Paperboy's killer defends parole pleas

Aaron Chambers

Read our special report on the Joey Didier murder case

Photos from the Joey Didier case

Robert Lower, the man who kidnapped, raped and murdered Rockford newspaper boy Joey Didier in 1975, proclaimed himself a changed man today, prepared for parole.

“I truly regret that I took his life,” Lower told Milton Maxwell, a member of the state Prisoner Review Board. “I was an individual who was messed up, screwed up, whatever you want to call it.”

Lower was calm and composed during his hearing at the Big Muddy Correctional Center, answering all of Maxwell’s questions with brief and deliberate responses.

A Register Star reporter joined Maxwell and Lower for the meeting, which occurred in a cinderblock room inside the prison. Lower attempted to block the reporter from attending the meeting, but Maxwell allowed the reporter to attend after the reporter asserted it was his right to be there.

Lower appeared confused about some of the points of his own life — saying, for instance, that he could not remember the name of the woman he was married to for three months.

Moreover, Lower did little to explore or support the psychological transformation he claimed to have completed, despite Maxwell’s repeated probing. Lower said he has been in sex-offender counseling for 14 years, but that he had not recently been psychologically evaluated.

“I’m not that same person anymore,” Lower said. “Back then, I was a cold-hearted, no-good person.”

He added, “I didn’t have any regard for anybody — anybody’s well-being.”

Lower abducted Didier on the morning of March 4, 1975. He later told police he couldn’t sleep, so he got dressed and went “driving around looking for a paperboy.”

He found Didier delivering newspapers on Fulton Avenue in Rockford. He coaxed the boy into his car, drove him to a remote cabin in Jo Daviess County and sexually assaulted him. He then put a noose around the boy’s neck, tossed the rope over a rafter, and as the boy pleaded for his life, hanged him.

“At the beginning, I didn’t plan on killing him,” Lower said today. “I planned on having sex with him.”

Maxwell asked Lower why he opted to kill the boy.

“If I got rid of him, there wouldn’t be nobody to testify,” Lower responded, adding that his thinking at the time was “screwed up.”

Maxwell asked Lower what would have happened if he had gotten away with his crime, and Lower responded: “It probably would have continued.”

This is Lower’s 17th shot at parole. On Jan. 31, Maxwell will recommend to the full Prisoner Review Board whether to parole Lower. The board then will vote on that recommendation.

For Lower to win freedom, eight of the board’s 14 members must vote for his parole.

No board member has voted in his favor, according to board records.

Didier’s family is circulating petitions around the region and hope community members will sign them to show their opposition to Lower’s parole. The Register Star also is collecting petitions online at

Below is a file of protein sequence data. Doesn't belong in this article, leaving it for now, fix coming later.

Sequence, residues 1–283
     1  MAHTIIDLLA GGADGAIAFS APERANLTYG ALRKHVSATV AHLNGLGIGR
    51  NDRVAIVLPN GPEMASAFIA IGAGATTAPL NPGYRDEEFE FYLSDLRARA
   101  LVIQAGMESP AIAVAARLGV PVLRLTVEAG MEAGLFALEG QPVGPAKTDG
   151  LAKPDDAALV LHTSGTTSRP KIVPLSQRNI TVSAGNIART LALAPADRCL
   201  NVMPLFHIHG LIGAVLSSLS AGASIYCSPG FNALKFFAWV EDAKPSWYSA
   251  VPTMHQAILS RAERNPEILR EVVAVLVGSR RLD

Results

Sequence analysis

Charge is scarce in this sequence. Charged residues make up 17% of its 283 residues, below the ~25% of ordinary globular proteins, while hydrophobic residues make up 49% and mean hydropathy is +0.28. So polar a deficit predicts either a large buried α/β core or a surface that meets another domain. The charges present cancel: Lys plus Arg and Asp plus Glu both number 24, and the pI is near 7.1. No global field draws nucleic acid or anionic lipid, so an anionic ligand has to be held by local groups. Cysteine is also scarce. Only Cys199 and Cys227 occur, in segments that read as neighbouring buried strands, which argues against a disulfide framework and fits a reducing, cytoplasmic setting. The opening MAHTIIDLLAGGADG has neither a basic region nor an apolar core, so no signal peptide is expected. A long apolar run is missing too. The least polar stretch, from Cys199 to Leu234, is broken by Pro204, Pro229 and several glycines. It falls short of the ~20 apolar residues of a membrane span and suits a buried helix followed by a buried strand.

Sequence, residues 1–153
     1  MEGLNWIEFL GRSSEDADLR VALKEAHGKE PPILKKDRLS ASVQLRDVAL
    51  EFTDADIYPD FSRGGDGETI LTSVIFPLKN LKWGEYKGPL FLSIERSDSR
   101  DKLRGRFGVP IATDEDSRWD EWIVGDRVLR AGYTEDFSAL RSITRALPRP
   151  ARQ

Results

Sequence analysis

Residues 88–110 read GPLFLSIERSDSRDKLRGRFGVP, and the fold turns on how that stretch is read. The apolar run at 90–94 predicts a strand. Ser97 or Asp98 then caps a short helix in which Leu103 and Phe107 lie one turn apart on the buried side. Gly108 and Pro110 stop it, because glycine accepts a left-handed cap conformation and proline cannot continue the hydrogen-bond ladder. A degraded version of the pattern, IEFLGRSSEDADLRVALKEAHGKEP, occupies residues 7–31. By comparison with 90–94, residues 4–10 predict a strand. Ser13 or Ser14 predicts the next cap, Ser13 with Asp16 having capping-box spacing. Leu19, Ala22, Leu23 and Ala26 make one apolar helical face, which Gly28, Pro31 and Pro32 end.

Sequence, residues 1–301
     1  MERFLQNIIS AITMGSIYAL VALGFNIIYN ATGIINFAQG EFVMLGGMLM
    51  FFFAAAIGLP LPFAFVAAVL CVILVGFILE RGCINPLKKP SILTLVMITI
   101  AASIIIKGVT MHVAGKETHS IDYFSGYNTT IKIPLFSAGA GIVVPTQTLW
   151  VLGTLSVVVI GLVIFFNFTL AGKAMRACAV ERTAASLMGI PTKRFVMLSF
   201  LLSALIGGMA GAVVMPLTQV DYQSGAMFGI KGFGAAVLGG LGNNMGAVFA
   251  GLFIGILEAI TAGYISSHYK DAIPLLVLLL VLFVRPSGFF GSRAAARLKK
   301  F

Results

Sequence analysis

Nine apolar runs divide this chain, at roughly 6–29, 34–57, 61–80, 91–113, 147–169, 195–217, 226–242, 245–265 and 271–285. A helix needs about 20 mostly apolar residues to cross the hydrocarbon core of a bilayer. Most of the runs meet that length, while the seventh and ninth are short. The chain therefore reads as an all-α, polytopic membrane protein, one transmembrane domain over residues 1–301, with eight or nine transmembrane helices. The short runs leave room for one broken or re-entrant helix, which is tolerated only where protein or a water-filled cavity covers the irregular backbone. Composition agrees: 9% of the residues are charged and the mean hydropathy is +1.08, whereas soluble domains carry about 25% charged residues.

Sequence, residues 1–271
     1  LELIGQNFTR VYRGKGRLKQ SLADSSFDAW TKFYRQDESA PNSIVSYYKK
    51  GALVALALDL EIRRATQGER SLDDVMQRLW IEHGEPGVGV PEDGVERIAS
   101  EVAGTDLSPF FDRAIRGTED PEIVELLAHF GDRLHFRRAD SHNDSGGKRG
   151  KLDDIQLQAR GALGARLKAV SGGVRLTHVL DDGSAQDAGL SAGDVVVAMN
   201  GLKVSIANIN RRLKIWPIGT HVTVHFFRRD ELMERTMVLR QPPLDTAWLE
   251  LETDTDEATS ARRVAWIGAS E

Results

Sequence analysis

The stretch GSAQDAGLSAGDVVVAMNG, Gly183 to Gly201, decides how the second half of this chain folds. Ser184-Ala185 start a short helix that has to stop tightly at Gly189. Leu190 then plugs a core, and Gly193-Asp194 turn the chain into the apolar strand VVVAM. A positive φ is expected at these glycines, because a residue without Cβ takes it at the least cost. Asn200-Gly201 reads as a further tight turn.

Maxwell walked Lower through the scope of his entire life, beginning with his birth in Freeport.

Lower, a repeat sex offender, described two deviant encounters he had before killing Didier.

In one case, Lower said, he was arrested for kidnapping a teenage boy while serving in the Air Force and stationed in Nevada. He said the military and local authorities agreed not to prosecute him as long as his parents retrieved him and returned him to Illinois. After the hearing, Maxwell said he was skeptical of this claim.

Once back in Stephenson County, Lower said he was arrested after an affair with another boy. However, he denied this encounter was sexual in nature. He said he was only “hugging” the boy to “comfort” him.

Nonetheless, the state at the time labeled Lower a “sexually dangerous person” and committed him to a state psychiatric ward for treatment.

Also after leaving the military, Lower said he was married to a woman for about three months. He said she left him after discovering through a co-worker that he was gay and involved with teenage boys.

Maxwell asked Lower, “Did you ever consummate the marriage with her?”

Lower appeared confused by the question so Maxwell rephrased it, “Did you function as husband and wife?”

To this, Lower responded: “She got me aroused so I thought maybe that would help, but it didn’t.”

Lower said if he won parole he would live with his brother, a retired police officer, in Savannah, Ga., and that his brother would supervise him.

He said his brother has money in escrow for him but that he doesn’t know how much. He said his brother had not forwarded account statements.

“He’s my brother,” Lower said. “I trust him.”

Lower said he also has “about $30” in a prison account.

Lower twice described his health as “very poor.” He said he suffers from diabetes, high blood pressure and high cholesterol. He said his kidneys are failing and that doctors are preparing him for dialysis. He said he had quadruple bypass surgery in 1999.

“I would definitely want parole,” he said. “I would like to spend the few years I have left out in the world.”

Maxwell asked him what he learned from 32 years in prison.

“I learned that I don’t have the right to violate another person’s body in anyway,” Lower said. “I learned, the best way I can explain it, to keep my urges under control.”

Staff writer Aaron Chambers may be reached at 217-782-2959 or